Tracing the Path from Spontaneous Mutation to Neurobiology in Autism Spectrum Disorders

Session Date: 
Dec 2, 2016
Session Order: 

Autism Spectrum Disorders (ASD) are a group of diverse neurodevelopmental conditions defined by fundamental impairments in social communication as well as repetitive behaviors and highly restricted interests. After several decades of frustration, the genetic underpinnings of ASD are now coming into sharp focus. Dramatic progress has been made in just the last 6 years in understanding how spontaneous changes in both chromosomal structure and DNA sequence can confer substantial risks to the individual. These insights are providing a rapidly growing set of reliable molecular clues to the biological underpinnings of ASD and have begun to shed some light on the interplay of environment and genetics in the origins of this syndrome.  This lecture will summarize recent data on the role of new (de novo) rare mutation in ASD, provide evidence in support of the notion that gene discovery can be an important avenue to understand complex social behavior, and discuss the path forward in deepening the understanding of the causes of ASD.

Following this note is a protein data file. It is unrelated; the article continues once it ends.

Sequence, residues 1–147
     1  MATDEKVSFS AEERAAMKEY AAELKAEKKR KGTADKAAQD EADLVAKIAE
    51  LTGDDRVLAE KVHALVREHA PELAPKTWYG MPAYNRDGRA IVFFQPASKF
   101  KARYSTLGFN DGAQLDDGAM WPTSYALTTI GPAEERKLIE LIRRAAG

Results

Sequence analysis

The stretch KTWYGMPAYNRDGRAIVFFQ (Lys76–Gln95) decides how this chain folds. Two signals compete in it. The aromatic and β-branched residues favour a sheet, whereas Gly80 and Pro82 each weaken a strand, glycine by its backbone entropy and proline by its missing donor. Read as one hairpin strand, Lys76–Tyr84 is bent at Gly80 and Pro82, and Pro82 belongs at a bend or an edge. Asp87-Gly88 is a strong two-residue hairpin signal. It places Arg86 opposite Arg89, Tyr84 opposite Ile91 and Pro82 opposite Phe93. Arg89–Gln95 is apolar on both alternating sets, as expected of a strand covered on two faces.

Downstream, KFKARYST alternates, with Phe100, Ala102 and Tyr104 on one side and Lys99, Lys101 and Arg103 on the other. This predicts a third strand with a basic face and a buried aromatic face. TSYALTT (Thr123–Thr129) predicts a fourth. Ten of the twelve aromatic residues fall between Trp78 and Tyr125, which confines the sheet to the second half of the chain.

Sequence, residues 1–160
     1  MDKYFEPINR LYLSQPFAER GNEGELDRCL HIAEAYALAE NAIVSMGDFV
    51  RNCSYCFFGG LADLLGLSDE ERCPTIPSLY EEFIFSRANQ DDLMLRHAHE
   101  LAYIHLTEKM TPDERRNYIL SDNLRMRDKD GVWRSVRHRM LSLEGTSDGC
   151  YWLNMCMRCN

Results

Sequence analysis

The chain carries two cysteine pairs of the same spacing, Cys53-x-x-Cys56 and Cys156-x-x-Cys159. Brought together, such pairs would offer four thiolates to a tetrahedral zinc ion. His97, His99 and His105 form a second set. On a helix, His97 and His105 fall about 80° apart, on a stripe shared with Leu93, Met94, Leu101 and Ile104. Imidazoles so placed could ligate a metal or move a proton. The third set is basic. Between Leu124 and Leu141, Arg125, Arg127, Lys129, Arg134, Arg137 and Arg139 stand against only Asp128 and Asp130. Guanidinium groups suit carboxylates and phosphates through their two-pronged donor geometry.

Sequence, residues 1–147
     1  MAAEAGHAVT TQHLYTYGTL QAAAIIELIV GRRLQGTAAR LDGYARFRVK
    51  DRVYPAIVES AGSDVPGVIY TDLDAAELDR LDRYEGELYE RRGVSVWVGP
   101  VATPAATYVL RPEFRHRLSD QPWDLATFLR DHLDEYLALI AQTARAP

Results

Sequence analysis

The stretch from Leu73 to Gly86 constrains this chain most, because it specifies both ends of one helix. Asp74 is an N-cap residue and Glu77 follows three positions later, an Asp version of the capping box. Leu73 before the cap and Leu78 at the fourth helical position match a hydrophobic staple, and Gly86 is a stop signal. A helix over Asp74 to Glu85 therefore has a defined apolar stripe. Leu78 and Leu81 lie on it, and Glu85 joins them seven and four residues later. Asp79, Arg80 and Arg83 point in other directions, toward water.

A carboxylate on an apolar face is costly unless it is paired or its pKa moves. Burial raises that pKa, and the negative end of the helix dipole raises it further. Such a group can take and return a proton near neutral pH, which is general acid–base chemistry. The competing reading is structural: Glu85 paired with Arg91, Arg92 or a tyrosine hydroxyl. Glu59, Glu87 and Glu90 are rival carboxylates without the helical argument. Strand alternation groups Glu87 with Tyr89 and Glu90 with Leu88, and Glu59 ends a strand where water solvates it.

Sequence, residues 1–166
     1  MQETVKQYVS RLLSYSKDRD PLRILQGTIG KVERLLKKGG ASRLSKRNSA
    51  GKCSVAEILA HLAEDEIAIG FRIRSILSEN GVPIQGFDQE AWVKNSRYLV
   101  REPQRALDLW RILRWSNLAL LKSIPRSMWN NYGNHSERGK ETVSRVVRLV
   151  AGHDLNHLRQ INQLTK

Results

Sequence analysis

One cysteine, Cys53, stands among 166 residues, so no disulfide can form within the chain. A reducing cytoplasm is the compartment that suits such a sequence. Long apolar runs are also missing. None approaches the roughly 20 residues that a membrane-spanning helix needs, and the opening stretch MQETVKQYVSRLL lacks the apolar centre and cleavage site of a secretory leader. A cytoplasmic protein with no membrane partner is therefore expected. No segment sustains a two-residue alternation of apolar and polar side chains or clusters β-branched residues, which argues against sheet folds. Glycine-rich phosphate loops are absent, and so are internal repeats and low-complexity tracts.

File 2016_12_02_09_State-Web.mp482.67 MB